When should you upgrade?
What is the right time to upgrade your application? It’s a hard question because it involves a prediction of future outcomes. But if you leave it to chance – chances are you won’t like the outcome.
“Time is Relative.” – Albert Einstein
Change is Hard
The default mindset for all humans is to not fix something if it’s not broken. And by “not broken”, we mean “no one is on the floor bleeding”. It’s easy to be okay with the status quo and hard to think ahead to future issues, especially when there are so many other priorities fighting for attention. But managers need to cultivate an entrepreneurial mindset and include opportunity cost in the Cost/Benefit analysis. After all, isn’t that what managers are hired to do? Make the best decision by measuring it?
But first – we need to change the definition of “broken” from “on the floor bleeding” to “hmm, this could hurt us”. Here are the warning signs to look for:
- Outdated application stack: This one is a deal breaker by itself. If you are working on old server stacks because your application cannot work on a new one you may be opening yourself up to security risks.
- Frequent downtime: Does the application go down? Why?
- High bug rate: Is your provider unable to maintain a high-quality application?
- Performance & Usability: Does the application frustrate your team with slow responsive time and non-intuitive user interface? How much productivity is being lost here?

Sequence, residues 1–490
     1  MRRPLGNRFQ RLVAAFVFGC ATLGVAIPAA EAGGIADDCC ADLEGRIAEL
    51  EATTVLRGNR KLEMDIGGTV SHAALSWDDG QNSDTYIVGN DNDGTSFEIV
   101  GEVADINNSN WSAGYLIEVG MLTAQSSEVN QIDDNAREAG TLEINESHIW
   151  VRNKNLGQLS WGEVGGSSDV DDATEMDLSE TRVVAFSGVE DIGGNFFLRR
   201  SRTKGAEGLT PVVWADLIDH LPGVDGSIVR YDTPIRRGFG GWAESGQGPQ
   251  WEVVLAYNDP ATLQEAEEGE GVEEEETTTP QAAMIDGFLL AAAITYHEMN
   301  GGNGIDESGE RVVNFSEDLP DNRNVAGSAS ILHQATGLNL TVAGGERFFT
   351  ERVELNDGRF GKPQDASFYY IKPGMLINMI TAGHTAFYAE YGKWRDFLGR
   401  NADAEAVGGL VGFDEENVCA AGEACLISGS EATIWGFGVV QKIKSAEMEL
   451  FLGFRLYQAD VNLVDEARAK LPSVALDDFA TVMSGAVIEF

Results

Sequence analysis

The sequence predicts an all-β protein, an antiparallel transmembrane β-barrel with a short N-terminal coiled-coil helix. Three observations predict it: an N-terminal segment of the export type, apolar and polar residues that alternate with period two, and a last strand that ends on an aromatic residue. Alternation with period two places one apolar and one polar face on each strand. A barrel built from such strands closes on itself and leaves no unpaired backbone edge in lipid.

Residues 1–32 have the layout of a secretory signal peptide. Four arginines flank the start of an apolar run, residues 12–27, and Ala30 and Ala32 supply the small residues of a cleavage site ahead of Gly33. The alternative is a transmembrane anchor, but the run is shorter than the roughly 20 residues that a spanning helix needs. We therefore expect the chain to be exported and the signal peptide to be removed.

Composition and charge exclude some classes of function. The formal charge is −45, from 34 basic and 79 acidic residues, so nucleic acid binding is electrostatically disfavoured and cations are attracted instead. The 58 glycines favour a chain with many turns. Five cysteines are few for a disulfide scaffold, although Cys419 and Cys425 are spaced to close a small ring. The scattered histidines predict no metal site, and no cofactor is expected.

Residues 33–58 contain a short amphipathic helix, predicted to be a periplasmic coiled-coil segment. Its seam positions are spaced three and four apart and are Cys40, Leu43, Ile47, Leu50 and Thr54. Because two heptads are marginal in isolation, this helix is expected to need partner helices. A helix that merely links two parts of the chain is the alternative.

- Outgrown feature set: Your application started out meeting your needs, but as your business has grown is it now a bottleneck? Are you still using Excel to crunch numbers from multiple applications because your reporting doesn’t do it?
- Customers hate it: Do your customers like your product/service but hate using your application?
If you answered yes to any of those questions, it may be time to think of an upgrade. You could get the timing of the upgrade wrong, by being too early or too late. Let’s look at the risks.
Upgrading too late opens you up to quite a few risks:
- Security breach: A security incident will be a major issue for the company and may result is lost trust and customers.
- The Monthly cost of lost productivity: Usability, performance, and inadequate features mean that your team is doing much more work than necessary to accomplish their tasks and this adds up quickly. This is often a huge cost that gets ignored because lost productivity is not discussed unless managers take an interest and investigate it.
- Rising maintenance costs: Cost of maintaining an outdated application is money down the drain because those costs will not translate into whatever the new solution will be.
- Delaying the inevitable: If you are experiencing these costs already, then they are only going to increase over time. The sooner the upgrade, the more you save.
What is the risk if you upgrade too early? You may spend money on a solution that you may later change your mind on. That’s the main one. But if you have been using a legacy application for years, you should have a really, really good idea what your needs are and how the current application is not meeting it. From that experience, you should also be able to get a good idea of your operating and opportunity costs.
So managers, do the math! And make the right, calculated decision for your organization.
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